BUSINESS Driving schools see rise in students as epidemic control efforts bear fruit


Driving schools see rise in students as epidemic control efforts bear fruit

China Daily

09:19, July 21, 2020

Vehicles run through a tunnel in Ji'nan, East China's Shandong province, on May 11, 2019. (Photo: Sipa)

With the curtain of gaokao down and the start of summer vacation earlier this month, the golden period for Chinese students to learn how to drive has arrived.

With COVID-19 coming under better control in China, more driving schools have seen a growing number of new student registrations.

Nationwide, driving schools resumed their training sessions based on the requirements of local governments. Driving schools in Chongqing, Guangzhou and Shenzhen in Guangdong province resumed training on April 1. They fully or partly resumed driving tests in June and July.

Goxueche is a major chain driving school with online reservations and management and offline training in more than 10 cities. It has seen an increasing number of new sign-ups since May. Most of the trainees are college students and office employees.

"This year, affected by the epidemic, we estimate the number of trainees to drop 20 percent to 30 percent on a yearly basis. Still, most consumers consider driving a necessary professional skill. The demand may decline in the short term, but it is foreseen to pick up once the crisis is over," said Goxueche chief operating officer Qin Lei.

The number of newly registered cars keeps growing in China every year, and so do the number of drivers at about 30 million annually, the company said.

Last year, China had 19,741 registered driving schools and 925,000 driving coaches, which was 3.6 percent and 0.8 percent higher than the previous year, said the national report on road transport development from the Ministry of Transport.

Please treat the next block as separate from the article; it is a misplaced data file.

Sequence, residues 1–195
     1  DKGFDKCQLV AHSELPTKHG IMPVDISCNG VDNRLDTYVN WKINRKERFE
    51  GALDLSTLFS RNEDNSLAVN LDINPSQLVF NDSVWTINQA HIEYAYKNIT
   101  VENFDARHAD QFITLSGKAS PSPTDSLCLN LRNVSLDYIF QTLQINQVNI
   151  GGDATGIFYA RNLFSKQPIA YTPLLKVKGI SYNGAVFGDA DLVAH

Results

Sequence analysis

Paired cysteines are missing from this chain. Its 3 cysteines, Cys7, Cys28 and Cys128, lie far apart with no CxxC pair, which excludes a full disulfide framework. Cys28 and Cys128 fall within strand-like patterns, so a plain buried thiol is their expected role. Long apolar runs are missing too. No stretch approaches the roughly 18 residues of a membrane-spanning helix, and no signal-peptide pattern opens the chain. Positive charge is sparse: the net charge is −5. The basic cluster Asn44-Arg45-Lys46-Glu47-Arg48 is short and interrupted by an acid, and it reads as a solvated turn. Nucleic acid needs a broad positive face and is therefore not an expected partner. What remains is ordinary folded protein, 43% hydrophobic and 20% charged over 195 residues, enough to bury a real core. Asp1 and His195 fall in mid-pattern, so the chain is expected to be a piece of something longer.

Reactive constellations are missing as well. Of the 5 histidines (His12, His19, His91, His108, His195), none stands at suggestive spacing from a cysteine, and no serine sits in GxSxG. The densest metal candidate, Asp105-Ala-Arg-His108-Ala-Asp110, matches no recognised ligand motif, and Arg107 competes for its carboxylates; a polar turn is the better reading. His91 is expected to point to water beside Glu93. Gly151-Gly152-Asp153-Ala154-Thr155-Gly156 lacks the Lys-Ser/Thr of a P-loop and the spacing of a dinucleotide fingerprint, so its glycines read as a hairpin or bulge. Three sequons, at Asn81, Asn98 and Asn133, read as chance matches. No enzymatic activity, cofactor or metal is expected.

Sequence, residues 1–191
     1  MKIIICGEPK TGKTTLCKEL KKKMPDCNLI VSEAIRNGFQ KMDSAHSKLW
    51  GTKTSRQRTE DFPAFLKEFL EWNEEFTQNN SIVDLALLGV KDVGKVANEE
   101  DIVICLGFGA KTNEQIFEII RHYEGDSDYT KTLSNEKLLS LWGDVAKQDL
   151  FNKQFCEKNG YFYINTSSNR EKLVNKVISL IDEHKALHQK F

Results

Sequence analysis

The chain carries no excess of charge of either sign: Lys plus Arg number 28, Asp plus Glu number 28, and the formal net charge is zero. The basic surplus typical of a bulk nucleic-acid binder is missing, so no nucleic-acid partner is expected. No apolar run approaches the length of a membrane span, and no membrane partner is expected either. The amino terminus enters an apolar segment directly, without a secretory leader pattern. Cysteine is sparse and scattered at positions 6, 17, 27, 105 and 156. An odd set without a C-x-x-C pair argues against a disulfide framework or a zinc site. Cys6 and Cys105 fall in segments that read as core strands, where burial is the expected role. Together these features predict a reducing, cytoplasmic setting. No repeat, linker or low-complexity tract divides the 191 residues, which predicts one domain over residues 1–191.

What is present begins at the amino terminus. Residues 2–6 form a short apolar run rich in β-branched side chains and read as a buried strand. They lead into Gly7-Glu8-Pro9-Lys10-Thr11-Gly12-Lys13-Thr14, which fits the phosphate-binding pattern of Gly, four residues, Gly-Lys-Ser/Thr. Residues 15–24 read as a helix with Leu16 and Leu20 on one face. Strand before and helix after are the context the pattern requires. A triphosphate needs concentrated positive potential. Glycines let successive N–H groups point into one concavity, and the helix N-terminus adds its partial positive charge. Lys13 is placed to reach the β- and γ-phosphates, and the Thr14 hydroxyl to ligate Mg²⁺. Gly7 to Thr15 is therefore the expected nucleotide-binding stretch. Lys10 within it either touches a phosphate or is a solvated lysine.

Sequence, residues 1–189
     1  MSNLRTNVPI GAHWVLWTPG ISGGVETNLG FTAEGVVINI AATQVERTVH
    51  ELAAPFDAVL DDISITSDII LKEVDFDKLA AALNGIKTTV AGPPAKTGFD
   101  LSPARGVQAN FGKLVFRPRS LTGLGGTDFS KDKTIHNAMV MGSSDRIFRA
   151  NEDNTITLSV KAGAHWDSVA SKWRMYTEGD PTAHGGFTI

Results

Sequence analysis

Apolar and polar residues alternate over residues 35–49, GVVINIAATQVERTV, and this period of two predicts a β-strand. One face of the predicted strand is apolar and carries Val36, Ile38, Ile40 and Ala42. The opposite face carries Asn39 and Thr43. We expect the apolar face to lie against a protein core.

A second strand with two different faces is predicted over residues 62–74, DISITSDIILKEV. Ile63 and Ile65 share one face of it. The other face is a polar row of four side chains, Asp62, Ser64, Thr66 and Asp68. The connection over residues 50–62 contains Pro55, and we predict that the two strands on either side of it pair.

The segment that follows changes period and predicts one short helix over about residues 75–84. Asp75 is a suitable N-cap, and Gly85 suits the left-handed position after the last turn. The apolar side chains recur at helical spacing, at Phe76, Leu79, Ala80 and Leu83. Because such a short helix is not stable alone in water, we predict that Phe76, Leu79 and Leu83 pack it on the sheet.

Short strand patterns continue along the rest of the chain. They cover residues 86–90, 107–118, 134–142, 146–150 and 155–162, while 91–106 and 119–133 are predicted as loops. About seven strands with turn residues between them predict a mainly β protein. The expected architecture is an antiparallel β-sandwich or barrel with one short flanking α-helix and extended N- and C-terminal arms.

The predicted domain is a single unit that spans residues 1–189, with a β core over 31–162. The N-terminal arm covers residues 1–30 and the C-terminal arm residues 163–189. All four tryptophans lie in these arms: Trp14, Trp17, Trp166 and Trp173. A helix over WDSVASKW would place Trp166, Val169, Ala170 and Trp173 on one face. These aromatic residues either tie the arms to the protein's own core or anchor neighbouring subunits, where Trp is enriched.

Of the total, Guangdong boasts the highest number with more than 1300 related companies. Jiangsu, Hebei, Shandong and Zhejiang provinces also have a large number of driving schools, the report said.

In the past few months, when driving schools were not busy, Goxueche said it conducted a systematic training session for its coaches and staff to increase their professional skills. It also posted short videos on social media platforms to attract potential new students.

The training courses supported by virtual reality technology can help develop specific skills using a fully immersive environment, along with robotic instructors on video and audio. Such courses have been gaining popularity in China.

The first smart driving training base globally that uses simulators combined with the technologies of 5G and VR started operations in Beijing last October.

Through VR glasses, students can see simulated driving scenes and listen to the sounds of cars driving while they can exercise multiple driving movements.

At a driving school of Goxueche in Chengdu, Sichuan province, students can learn about driving under bad weather conditions and emergency situations such as rear-end collisions and blow-outs through VR technology.

"Robotic coaching and VR can significantly help increase training efficiencies, but there are still some defects in the adaptation between product performance and teaching. It still needs some time to promote them in a large scale," Qin said.

The VR technology will help traditional driving training schools to break the limit of weather, time, location and space. It will also help reduce driver training's negative impact on the environment, the deterioration of cars and save labor and management costs, said Eastern Pioneer Driving School Co, the only A-share listed driver training firm in China, which also offers qualifications for foreign students.

For a long time, traditional driving schools had been making easy profits as the supply of training drivers fell short of demand. In recent years, they started to face some problems such as overcapacity, homogenization, and weak awareness of branding and services.

"We have been focusing on building a driving school with standard and information-based service, where the management of students and the school is taken online and offline. This can reduce costs and increase efficiencies," Qin said.

In June, Goxueche introduced a batch of new-energy cars for training to help save fuel and maintenance costs. The company plans to introduce more such cars in the future.

China is the world's largest car market and the biggest new-energy vehicle market, according to the China Association of Automobile Manufacturers.

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